Of course, and it’s great to know that your schedule is so full, with so many planned projects: I more than look forward to what will come next. I’ve read a sample of your steampunk novel and I’m very, very intrigued, and eager to know more, since it’s happily only a few months away from publication, and the steampunk element is blended with some post-apocalyptic overtones that make for a quite promising story.

Thank you so much, Ashley for taking the time to share your work and your future plans with us. It’s been a pleasure to host you here on Space and Sorcery!

You can read all about Ashley Capes and his works at these sites: http://ashleycapes.com/ and http://www.cityofmasks.com/

Salva

Reviews

Novella Review: COMING TO YOU LIVE, by Mira Grant (from Rise: A Newsflesh Collection)

After I finished reading Mira Grant’s last  volume in her Newsflesh trilogy about the aftermath of a zombie apocalypse, I wanted to know more about the changed world resulting from the rising of the dead, and discovered some of the short stories she wrote to… fill in the corners of her post-apocalyptic world.

When the author announced she was going to publish a book that would gather all this material and a few new stories, I knew I had to read it: Mira Grant (the alter ego of UF writer Seanan McGuire) is an amazing storyteller and I was looking forward to more about this dystopian version of our world, either revisiting the older stories or enjoying the new ones.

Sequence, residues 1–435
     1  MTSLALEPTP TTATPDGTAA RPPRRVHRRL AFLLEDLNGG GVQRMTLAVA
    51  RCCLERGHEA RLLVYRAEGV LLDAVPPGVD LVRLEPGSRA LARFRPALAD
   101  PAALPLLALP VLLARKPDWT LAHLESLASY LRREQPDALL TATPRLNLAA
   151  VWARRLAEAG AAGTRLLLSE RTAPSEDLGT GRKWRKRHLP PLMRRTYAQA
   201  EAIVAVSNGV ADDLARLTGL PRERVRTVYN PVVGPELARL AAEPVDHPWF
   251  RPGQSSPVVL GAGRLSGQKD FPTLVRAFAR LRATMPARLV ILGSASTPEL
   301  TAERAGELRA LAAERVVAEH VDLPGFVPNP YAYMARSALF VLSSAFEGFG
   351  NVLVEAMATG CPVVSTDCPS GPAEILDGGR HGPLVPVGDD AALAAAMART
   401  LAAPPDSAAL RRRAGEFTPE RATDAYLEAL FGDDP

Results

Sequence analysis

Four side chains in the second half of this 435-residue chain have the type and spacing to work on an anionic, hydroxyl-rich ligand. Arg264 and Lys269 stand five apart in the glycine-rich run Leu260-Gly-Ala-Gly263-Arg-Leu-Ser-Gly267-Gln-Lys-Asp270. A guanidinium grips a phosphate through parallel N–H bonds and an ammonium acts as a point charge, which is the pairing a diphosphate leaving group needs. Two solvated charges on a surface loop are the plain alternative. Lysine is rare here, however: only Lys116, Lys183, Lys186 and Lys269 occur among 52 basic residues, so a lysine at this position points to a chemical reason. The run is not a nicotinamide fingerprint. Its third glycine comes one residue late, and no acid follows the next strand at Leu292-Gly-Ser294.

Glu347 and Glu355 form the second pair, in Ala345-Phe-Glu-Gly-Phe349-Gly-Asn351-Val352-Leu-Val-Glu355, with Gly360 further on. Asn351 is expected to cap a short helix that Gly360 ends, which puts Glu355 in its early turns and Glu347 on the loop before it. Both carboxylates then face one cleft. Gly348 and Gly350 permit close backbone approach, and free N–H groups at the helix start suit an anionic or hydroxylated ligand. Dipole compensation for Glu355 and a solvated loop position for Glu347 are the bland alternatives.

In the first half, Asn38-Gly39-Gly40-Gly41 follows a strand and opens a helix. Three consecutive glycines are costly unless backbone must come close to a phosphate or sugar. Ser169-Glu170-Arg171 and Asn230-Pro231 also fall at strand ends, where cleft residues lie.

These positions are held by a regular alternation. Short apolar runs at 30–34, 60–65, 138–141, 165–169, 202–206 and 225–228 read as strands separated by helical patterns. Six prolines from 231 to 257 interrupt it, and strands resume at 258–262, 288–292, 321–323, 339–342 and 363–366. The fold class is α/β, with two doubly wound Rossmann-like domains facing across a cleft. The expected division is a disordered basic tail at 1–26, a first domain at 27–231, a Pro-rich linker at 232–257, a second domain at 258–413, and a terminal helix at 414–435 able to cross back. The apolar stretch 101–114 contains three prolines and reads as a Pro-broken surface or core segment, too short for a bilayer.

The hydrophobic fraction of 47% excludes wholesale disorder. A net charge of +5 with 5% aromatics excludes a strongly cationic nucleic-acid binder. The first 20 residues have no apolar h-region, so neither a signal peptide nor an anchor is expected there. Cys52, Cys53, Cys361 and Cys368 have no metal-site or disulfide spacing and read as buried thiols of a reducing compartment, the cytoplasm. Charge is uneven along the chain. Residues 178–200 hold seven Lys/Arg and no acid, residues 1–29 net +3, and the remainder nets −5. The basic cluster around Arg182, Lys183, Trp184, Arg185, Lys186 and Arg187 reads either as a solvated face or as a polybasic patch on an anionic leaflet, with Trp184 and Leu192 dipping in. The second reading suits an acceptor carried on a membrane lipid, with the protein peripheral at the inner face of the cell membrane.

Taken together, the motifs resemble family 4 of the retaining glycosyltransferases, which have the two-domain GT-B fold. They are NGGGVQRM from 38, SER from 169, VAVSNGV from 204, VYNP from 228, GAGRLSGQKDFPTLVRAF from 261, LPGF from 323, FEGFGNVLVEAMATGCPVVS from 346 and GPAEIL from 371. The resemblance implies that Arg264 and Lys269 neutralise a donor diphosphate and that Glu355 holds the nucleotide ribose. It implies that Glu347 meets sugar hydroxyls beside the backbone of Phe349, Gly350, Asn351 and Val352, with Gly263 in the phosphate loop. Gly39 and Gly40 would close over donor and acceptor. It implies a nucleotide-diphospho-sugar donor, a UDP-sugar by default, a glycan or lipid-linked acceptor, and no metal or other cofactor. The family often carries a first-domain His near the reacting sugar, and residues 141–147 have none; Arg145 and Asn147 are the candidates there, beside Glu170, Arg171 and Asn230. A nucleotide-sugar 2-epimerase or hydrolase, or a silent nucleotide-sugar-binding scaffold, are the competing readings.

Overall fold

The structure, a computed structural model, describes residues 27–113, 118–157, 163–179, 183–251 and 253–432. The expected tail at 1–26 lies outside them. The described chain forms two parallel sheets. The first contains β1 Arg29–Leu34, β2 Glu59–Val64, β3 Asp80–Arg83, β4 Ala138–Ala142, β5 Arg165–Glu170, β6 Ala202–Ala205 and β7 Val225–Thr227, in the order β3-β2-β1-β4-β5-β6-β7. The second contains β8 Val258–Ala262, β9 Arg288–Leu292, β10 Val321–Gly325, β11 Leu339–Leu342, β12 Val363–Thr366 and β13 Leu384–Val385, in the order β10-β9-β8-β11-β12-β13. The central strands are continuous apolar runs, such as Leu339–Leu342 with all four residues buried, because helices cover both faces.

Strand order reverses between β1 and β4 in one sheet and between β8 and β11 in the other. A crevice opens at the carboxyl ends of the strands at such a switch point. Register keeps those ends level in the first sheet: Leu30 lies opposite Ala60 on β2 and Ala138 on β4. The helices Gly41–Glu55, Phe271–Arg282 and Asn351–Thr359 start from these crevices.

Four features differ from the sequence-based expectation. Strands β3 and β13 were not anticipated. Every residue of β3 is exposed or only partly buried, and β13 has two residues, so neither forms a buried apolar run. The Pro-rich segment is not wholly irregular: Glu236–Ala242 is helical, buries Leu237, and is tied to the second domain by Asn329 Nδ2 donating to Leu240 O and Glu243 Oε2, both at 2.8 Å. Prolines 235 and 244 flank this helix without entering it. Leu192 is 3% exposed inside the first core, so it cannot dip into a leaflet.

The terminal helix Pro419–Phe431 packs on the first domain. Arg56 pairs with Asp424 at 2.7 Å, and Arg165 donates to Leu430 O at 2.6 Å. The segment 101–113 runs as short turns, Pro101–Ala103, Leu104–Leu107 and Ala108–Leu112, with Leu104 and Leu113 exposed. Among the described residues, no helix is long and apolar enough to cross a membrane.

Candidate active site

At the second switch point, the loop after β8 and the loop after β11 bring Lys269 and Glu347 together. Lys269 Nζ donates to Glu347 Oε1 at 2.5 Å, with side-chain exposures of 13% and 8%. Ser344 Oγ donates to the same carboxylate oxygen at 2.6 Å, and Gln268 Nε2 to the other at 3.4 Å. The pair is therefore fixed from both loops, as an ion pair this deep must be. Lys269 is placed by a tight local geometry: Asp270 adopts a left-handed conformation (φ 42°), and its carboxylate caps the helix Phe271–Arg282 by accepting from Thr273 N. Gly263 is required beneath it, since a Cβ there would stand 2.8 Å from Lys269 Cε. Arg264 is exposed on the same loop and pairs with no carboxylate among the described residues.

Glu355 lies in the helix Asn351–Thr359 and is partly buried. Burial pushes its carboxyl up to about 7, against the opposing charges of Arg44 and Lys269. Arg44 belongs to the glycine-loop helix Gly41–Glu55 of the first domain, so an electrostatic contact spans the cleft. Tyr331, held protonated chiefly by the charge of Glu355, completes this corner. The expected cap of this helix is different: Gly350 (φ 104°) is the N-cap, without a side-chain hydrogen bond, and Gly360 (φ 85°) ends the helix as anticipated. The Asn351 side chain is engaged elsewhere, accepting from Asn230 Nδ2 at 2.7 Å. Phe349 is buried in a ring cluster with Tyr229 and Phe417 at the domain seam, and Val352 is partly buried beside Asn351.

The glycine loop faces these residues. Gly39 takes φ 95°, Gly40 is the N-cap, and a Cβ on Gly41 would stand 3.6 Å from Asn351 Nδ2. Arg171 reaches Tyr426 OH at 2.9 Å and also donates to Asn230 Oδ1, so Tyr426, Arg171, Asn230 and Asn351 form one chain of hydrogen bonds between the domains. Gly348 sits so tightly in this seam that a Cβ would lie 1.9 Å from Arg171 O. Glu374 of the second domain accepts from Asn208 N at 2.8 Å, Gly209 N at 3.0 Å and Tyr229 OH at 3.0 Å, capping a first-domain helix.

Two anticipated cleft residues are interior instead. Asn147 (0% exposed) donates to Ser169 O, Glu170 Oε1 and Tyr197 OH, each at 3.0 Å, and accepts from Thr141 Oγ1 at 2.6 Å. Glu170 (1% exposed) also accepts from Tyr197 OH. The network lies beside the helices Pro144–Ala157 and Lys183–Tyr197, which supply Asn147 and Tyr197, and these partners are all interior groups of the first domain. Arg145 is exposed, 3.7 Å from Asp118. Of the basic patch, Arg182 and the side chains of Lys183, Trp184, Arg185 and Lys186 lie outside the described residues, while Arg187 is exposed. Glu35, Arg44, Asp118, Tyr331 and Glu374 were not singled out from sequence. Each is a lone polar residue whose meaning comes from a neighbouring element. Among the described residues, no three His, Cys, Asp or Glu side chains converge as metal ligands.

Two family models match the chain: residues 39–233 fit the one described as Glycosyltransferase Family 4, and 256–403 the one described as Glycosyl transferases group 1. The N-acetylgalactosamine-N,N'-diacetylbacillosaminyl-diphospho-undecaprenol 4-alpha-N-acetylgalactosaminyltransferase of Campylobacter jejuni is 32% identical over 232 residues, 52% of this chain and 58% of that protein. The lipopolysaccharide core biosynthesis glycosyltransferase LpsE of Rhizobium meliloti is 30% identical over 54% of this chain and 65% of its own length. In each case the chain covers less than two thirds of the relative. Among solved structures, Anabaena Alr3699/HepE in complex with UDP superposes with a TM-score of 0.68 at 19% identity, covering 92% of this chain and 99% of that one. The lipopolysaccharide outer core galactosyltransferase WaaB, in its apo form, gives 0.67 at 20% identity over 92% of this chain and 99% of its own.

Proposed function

This is the last one of the collection:

COMING TO YOU LIVE

This last story in the Rise collection (and the second totally new offering) will be the most difficult to review: for technical reasons, because it develops a few years after the events in the last book of the Newsflesh trilogy, and therefore it represents a massive spoiler for all those who have not read it yet; and for emotional reasons, because finding again a few familiar “faces” was both a joy and a sorrow, since a few of them don’t exactly find themselves in a happy place – not that this surprises me, knowing their history and most of all knowing this author.

So… SPOILER WARNING: read on at your own peril!  I will do my best to remain as vague as possible, but it’s not going to be easy,